The American journal of cardiology, Volume 118, Issue 3, 14 May 2016, Pages 326-331 Prognostic Implications of Elevated Pulmonary Artery Pressure After ST-Segment Elevation Myocardial Infarction. Haeck ML, Hoogslag GE, Boden H, Velders MA, Katsanos S, Al Amri I, Debonnaire P, Schalij MJ, Vliegen HW, Bax JJ, Marsan NA, Delgado V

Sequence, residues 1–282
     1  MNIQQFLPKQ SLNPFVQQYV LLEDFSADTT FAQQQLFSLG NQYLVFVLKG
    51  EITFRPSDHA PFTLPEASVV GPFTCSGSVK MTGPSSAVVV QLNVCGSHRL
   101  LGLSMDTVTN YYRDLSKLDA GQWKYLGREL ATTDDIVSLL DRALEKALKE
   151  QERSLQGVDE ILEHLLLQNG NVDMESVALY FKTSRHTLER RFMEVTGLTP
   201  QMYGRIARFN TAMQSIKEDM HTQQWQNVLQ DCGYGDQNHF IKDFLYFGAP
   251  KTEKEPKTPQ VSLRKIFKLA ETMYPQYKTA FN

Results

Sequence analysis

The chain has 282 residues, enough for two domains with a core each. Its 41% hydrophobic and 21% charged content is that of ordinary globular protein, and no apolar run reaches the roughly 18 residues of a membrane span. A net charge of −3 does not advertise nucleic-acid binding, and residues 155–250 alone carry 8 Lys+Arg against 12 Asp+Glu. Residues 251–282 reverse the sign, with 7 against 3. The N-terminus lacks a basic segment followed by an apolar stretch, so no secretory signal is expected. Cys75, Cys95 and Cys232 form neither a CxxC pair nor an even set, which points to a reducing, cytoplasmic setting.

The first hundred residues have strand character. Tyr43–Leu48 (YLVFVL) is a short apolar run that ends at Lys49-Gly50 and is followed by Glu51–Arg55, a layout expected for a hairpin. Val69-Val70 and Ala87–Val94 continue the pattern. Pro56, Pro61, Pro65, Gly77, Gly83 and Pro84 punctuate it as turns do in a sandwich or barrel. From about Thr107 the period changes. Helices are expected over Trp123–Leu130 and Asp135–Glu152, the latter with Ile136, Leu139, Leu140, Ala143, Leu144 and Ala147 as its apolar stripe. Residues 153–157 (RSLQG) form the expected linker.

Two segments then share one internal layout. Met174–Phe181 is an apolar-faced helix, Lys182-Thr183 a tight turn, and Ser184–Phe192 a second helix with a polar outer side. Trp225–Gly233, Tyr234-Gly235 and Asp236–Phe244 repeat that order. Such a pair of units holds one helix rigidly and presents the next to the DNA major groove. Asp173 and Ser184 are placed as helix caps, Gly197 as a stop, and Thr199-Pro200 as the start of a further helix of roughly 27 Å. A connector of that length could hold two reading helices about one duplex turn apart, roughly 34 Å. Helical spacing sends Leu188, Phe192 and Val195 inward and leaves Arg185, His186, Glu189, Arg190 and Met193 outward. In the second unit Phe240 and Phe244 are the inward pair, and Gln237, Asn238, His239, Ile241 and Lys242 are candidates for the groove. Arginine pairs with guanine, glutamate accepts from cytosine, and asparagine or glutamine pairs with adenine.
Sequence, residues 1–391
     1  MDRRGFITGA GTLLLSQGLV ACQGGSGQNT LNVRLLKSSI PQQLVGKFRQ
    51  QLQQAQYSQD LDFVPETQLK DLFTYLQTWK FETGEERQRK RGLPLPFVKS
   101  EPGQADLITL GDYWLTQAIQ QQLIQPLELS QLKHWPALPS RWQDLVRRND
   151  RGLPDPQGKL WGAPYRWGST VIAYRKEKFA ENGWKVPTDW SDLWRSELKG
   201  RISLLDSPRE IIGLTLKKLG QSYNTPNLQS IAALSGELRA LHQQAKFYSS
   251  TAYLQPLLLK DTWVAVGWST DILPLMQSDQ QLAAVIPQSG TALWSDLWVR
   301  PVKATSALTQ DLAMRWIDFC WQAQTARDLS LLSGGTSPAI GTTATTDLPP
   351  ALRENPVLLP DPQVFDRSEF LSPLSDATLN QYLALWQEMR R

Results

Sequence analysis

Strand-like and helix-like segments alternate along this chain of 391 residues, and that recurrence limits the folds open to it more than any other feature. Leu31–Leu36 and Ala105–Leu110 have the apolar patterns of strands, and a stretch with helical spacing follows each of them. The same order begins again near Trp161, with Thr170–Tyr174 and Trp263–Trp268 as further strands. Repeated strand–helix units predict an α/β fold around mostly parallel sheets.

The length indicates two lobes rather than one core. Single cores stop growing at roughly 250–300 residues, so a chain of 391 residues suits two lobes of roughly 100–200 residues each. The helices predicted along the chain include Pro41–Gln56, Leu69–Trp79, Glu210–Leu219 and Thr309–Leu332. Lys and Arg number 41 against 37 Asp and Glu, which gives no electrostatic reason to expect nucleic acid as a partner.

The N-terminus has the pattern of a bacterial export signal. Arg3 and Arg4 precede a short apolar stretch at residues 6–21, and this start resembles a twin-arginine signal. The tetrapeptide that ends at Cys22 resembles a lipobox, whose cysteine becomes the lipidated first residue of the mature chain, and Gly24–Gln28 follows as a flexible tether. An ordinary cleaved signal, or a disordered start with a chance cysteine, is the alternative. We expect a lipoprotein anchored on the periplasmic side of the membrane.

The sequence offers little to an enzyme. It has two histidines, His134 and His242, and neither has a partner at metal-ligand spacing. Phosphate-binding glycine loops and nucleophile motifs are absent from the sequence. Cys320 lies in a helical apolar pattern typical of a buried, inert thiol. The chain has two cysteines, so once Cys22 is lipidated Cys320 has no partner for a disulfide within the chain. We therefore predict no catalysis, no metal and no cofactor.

Elevated systolic pulmonary artery pressure (SPAP) after ST-segment elevation myocardial infarction (STEMI) has been associated with adverse outcome. However, little is known about the development of increased SPAP after STEMI treated with primary percutaneous coronary intervention. The aims of this study were to investigate the incidence and determinants of elevated SPAP (SPAP ≥36 mm Hg at 12 months) after first STEMI and to analyze its prognostic implications. A total of 705 patients (60 ± 12 years; 75% men; left ventricular ejection fraction [LVEF] 47 ± 9%) with first STEMI treated with primary percutaneous coronary intervention were evaluated. Two-dimensional echocardiography was available at baseline and 12-month follow-up. Data on all-cause mortality were collected at long-term follow-up. Incident elevated SPAP was present in 5% (n = 38) of patients. Patients with incident elevated SPAP were older (66 ± 12 vs 60 ± 11 years, p = 0.001), had more systemic hypertension (58% vs 30%, p <0.001) and lower LVEF (43 ± 9% vs 48 ± 8%, p <0.001) than their counterparts. Left atrial volume was larger (23 ± 11 vs 18 ± 6 ml/m(2), p = 0.006), and moderate to severe mitral regurgitation was more prevalent in patients with incident elevated SPAP (16% vs 7%, p = 0.05). Independent correlates of incident elevated SPAP at 12-month follow-up were age (odds ratio [OR] 1.04, 95% CI 1.01 to 1.08, p = 0.01), hypertension (OR 2.52, 95% CI 1.23 to 5.14, p = 0.01), baseline LVEF (OR 0.94, 95% CI 0.90 to 0.98, p = 0.003), and baseline left atrial volume (OR 1.08, 95% CI 1.03 to 1.12, p = 0.001). Incident elevated SPAP was independently associated with all-cause mortality (hazard ratio 3.84, 95% CI 1.76 to 8.39, p = 0.001). In conclusion, although the incidence of elevated SPAP after STEMI is low, its presence is independently associated with increased risk of all-cause mortality at follow-up.